gms | German Medical Science

57th Annual Meeting of the German Society of Neurosurgery
Joint Meeting with the Japanese Neurosurgical Society

German Society of Neurosurgery (DGNC)

11 - 14 May, Essen

Pyramidal tract navigation by intraoperative MRI – The fiber bundle shift during neurosurgery

Meeting Abstract

  • corresponding author N. Ozawa - Tokyo Women's Medical University, Tokyo
  • Y. Muragaki - Tokyo Women's Medical University, Tokyo
  • H. Suzukawa - Infocom Co., Tokyo
  • R. Nakamura - Tokyo Women's Medical University, Tokyo
  • H. Iseki - Tokyo Women's Medical University, Tokyo

Deutsche Gesellschaft für Neurochirurgie. Japanische Gesellschaft für Neurochirurgie. 57. Jahrestagung der Deutschen Gesellschaft für Neurochirurgie e.V. (DGNC), Joint Meeting mit der Japanischen Gesellschaft für Neurochirurgie. Essen, 11.-14.05.2006. Düsseldorf, Köln: German Medical Science; 2006. DocSA.03.07

The electronic version of this article is the complete one and can be found online at:

Published: May 8, 2006

© 2006 Ozawa et al.
This is an Open Access article distributed under the terms of the Creative Commons Attribution License ( You are free: to Share – to copy, distribute and transmit the work, provided the original author and source are credited.



Objective: For neurosurgery of patients with lesions around the pyramidal tract, it is most desirable to prevent postoperative complications such as motor paralysis. Brain mapping is of help in identifying motor function. To visualize the course of the fiber bundles, diffusion-weighted (DW) imaging and diffusion tensor imaging using MRI are in use. However, brain shift occurs during surgery. The purpose of this study is to protect motor function during the neurosurgical procedure. We have presented a navigation system based on DW images using intraoperative MRI to depict fiber bundles with the pyramidal tract. In this paper we demonstrate the fiber bundle shift including the pyramidal tract during neurosurgery by the proposed method. DW images were validated using subcortical mapping.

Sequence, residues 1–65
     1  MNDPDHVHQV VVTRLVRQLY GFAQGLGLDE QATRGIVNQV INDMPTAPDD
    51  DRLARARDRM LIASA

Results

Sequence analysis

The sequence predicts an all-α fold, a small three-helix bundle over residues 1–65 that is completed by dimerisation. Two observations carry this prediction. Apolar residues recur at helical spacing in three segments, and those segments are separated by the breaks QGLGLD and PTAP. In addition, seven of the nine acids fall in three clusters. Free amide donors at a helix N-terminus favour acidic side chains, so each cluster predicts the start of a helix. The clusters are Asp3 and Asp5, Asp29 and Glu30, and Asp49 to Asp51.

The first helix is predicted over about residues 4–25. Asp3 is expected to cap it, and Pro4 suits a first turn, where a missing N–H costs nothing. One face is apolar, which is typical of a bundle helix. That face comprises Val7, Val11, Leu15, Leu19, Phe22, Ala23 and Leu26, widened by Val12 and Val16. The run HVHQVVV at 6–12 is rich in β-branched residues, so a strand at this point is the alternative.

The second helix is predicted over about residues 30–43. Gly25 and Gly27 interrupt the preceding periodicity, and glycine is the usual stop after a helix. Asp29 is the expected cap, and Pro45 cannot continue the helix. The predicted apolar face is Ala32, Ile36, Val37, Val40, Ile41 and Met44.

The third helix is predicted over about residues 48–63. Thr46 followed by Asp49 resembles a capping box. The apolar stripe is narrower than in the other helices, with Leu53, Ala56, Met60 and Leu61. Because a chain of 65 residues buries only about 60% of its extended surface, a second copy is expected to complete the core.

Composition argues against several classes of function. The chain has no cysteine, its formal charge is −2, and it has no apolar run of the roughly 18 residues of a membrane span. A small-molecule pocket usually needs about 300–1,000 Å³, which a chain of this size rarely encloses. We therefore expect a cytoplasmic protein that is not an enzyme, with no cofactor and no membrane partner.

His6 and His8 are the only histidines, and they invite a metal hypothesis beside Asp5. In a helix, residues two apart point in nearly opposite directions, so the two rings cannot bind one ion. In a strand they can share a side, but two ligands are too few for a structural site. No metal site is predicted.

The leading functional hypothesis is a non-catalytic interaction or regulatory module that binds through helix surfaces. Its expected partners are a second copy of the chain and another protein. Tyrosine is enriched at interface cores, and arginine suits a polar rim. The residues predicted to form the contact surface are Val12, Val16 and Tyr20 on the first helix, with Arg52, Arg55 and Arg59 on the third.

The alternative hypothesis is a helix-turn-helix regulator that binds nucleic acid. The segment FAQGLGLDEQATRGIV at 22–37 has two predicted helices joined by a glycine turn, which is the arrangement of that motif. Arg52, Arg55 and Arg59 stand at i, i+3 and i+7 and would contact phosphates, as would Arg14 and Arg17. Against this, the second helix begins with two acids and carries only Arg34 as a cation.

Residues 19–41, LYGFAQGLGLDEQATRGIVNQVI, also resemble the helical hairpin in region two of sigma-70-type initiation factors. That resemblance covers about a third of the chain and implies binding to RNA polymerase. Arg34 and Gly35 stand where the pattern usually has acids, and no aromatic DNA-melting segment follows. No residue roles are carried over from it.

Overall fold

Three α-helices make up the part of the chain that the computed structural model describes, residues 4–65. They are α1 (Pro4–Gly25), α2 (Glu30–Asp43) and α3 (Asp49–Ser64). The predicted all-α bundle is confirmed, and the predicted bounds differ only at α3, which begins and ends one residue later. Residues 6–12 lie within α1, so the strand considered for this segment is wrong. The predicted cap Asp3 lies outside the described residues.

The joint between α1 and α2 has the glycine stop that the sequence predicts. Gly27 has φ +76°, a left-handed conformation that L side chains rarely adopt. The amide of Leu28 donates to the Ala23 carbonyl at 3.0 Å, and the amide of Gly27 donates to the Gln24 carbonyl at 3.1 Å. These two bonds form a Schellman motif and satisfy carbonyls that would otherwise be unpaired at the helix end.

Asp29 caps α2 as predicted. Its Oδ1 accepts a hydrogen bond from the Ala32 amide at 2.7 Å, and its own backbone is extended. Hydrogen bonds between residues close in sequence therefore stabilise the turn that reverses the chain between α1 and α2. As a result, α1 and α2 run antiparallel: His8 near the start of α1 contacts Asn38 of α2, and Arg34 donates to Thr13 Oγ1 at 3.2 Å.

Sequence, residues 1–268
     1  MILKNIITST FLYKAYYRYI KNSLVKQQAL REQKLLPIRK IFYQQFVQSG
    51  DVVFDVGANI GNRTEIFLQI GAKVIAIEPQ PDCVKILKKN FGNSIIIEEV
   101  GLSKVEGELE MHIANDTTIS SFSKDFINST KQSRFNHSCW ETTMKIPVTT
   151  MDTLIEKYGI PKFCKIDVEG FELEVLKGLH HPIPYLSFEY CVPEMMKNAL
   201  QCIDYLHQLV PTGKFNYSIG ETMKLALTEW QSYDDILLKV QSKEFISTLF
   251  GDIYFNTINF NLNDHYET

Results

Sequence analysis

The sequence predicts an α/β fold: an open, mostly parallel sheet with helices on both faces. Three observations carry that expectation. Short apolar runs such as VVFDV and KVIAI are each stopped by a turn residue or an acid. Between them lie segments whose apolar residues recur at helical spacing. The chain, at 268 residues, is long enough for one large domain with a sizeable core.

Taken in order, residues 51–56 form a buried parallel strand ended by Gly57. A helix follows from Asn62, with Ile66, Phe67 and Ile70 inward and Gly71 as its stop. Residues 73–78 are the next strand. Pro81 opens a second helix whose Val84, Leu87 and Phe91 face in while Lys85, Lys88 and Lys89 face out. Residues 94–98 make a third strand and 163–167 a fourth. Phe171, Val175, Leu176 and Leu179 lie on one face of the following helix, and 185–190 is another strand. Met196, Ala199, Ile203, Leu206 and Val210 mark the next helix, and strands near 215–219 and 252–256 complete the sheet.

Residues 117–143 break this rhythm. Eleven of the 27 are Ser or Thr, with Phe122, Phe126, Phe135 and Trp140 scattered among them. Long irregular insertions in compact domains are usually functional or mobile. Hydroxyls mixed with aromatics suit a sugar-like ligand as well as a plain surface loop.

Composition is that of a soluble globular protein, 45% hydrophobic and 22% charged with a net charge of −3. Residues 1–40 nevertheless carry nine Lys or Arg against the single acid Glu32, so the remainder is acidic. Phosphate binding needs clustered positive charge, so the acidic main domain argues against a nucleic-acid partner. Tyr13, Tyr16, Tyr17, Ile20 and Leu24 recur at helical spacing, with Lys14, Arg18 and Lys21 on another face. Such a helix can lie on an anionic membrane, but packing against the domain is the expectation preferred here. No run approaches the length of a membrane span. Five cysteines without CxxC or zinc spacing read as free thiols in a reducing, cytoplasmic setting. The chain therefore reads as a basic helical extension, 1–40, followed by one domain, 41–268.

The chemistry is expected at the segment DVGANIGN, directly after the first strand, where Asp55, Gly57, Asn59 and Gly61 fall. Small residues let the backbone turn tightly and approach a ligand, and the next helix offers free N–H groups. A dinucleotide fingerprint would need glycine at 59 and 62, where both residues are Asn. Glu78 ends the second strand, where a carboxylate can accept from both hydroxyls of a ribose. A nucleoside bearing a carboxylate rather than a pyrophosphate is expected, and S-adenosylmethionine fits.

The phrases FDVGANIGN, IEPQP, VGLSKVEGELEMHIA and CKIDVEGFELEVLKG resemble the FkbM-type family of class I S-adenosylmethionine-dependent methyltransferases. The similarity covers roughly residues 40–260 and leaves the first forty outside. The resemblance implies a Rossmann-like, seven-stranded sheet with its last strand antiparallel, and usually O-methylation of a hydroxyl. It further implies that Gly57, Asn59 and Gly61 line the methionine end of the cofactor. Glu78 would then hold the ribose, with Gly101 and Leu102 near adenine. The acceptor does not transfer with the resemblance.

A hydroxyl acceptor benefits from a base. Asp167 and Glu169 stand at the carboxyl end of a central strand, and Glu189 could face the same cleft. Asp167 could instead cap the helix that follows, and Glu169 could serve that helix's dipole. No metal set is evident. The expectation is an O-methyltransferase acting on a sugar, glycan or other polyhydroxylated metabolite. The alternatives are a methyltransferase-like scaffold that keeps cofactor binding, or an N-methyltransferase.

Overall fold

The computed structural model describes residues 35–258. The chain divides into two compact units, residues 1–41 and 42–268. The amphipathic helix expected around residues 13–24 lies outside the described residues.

Methods: Patients with lesions around the pyramidal tract, who underwent craniotomy procedure from September 2003 to October 2005 ,were enrolled. Intraoperative imaging was performed after craniotomy and tumor resection using the MRI scanner (0.3T AIRIS2, Hitachi Medical Co.) installed in our operating room. A dedicated integrated head-holder/MR receiver coil (Mizuho Ikakogyo Co.) was used for imaging. DW images (motion probing gradient: anterior to posterior direction; b value: 700 sec/mm2) to depict fiber bundles, T1- and T2- weighted images for anatomical information were obtained. These images were transferred to the navigation system and displayed on a screen. The position of the surgical tool or stimulation electrode probe was tracked by an optical camera. The fiber bundle shift including the pyramidal tract was evaluated by a DW image before and after tumor removal. For preserving brain function, direct electrical stimulation was performed as well to validate the fiber bundle on the DW image.

Results: DW images after craniotomy depicted that the fiber bundles including the pyramidal tract were pressed by the tumor. After tumor resection, it was observed that the bundles were displaced to the regular position in several patients. The bundle shift was not marked in some patients. Subcortical mapping around the fiber bundles on DW images resulted in preserving the motor function in patients.

Conclusions: For neurosurgery of patients with lesions around the pyramidal tract, intraoperative imaging was needed because of the fiber bundle shift. The integrated surgical navigation based on diffusion-weighted imaging with subcortical mapping was useful for performing neurosurgery thereby preventing injury to motor function.